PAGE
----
It's that our European partners have now realised that the possibility of the hardest of all Brexits is very much on the cards - and are getting their excuses in early. If a hard Brexit does follow, May could live to regret not saying much to British voters beyond "Brexit means Brexit".

Stephen Bush is special correspondent at the New Statesman. His daily briefing, Morning Call, provides a quick and essential guide to domestic and global politics.

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“It was like a religious ceremony”: What happened at Big Ben’s final bong?

Both inside and outside Parliament, people gathered to hear the clock’s final midday chime before undergoing repairs.

“It’s just hacks everywhere,” a photographer sighs, jamming his lens through a gap in Parliament’s railings to try and get a closer look.

New Palace Yard, Parliament’s courtyard directly below Big Ben, is filling with amused-looking journalists, waiting for the MPs who have promised to hold a “silent vigil”, heads bowed, to mark Big Ben’s final chime before four years of silence while the tower’s repaired.

About four of them turn up. Two by accident.

It’s five minutes to twelve. Tourists are gathering outside Westminster Tube, as tourists do best. A bigger crowd fills Parliament Square. More people than expected congregate outside, even if it’s the opposite within the Palace. The world and his phone are gazing up at the sad, resigned clock face.


“It’s quite controversial, isn’t it?” one elderly woman in an anorak asks her friend. They shrug and walk off. “Do you know what is this?” an Italian tourist politely asks the tiny press pack, gesturing to the courtyard. No one replies. It’s a good question.

“This is the last time,” says another tourist, elated, Instagram-poised.

“DING DONG DING DONG,” the old bell begins.

Heads down, phones up.


It finishes the on-the-hour tune for the last time, and then gives its much-anticipated resignation statement:

“BONG. BONG. BONG. BONG. BONG. BONG. BONG. BONG. BONG. BONG. BONG. BONG.”

Applause, cheers, and even some tears.


But while the silly-seasoned journalists snigger, the crowd is enthusiastic.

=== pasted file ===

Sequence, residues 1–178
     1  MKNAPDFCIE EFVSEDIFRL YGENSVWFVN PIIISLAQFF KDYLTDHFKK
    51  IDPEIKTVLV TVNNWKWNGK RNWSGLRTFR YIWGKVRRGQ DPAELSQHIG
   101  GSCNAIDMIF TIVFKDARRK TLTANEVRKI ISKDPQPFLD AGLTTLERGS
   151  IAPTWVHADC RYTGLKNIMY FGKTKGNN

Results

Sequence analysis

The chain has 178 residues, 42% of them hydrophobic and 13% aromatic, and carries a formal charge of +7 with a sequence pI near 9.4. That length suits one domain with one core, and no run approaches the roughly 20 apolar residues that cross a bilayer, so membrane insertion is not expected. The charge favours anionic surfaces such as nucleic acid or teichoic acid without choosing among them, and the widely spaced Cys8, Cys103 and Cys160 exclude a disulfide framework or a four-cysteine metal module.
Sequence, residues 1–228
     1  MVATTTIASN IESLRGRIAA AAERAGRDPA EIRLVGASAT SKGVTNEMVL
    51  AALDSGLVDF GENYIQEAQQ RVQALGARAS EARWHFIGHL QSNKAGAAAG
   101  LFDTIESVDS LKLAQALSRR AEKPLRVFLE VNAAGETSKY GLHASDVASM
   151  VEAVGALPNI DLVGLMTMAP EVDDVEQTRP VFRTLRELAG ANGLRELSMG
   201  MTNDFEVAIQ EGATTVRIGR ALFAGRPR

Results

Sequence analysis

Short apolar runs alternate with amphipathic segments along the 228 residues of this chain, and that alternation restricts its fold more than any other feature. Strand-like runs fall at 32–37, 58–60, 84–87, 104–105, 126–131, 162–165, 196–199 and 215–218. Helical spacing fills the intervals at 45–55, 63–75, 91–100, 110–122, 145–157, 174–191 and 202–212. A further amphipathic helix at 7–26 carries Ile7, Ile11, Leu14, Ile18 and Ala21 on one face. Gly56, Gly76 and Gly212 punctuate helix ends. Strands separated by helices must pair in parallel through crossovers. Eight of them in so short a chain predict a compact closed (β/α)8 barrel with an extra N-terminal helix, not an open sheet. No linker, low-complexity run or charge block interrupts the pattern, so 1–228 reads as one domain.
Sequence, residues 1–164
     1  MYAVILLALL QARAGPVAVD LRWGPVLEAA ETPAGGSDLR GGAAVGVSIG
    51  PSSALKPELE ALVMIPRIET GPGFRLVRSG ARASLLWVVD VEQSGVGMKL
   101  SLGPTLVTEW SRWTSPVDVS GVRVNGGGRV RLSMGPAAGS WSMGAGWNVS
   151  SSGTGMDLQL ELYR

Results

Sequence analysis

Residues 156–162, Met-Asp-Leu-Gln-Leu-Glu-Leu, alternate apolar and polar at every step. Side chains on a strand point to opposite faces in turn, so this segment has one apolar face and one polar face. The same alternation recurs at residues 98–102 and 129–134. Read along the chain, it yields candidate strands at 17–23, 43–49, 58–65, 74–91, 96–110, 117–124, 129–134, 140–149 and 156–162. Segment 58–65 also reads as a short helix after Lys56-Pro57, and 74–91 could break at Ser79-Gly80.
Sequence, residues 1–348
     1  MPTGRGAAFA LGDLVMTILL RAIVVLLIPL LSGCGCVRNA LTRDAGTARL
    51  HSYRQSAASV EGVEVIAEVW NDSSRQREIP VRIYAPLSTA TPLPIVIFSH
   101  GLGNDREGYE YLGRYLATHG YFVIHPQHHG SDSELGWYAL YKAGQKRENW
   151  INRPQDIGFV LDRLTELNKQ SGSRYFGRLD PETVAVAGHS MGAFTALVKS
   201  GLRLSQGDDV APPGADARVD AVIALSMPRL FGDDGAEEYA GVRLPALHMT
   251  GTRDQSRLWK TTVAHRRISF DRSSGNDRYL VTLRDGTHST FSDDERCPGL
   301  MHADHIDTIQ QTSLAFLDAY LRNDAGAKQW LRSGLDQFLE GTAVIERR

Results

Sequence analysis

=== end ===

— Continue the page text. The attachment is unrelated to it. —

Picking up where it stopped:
“It’s quite emotional,” says David Lear, a 52-year-old carer from Essex, who came up to London today with his work and waited 45 minutes beneath Big Ben to hear it chime.

He feels “very, very sad” that the bell is falling silent, and finds the MPs’ vigil respectful. “I think lots of people feel quite strongly about it. I don’t know why they’re doing it. During the war it carries on, and then they turn it off for a health and safety reason.”

“I don’t know why they can’t have some speakers half way down it and just play the chime,” he adds. “So many tourists come especially to listen to the chime, they gather round here, getting ready for it to go – and they’re going to switch it off. It’s crazy.”

Indeed, most of the surrounding crowd appears to be made up of tourists. “I think that it was gorgeous, because I’ve never heard him,” smiles Cora, an 18-year-old German tourist. “It was a great experience.”

An Australian couple in their sixties called Jane and Gary are visiting London for a week. “It was like a religious ceremony, everybody went quiet,” laughs Gary. “I hope they don’t forget where they put the keys to start it again in four years’ time.”

“When we first got here, the first thing we did was come to see it,” adds Jane, who is also positive about the MPs who turned up to watch. “I think it’s good they showed a bit of respect. Because they don’t usually show much respect, do they?”

And, as MPs mouthing off about Big Ben are challenged on their contrasting reactions to Grenfell, that is precisely the problem with an otherwise innocent show of sentimentality.

Anoosh Chakelian is senior writer at the New Statesman.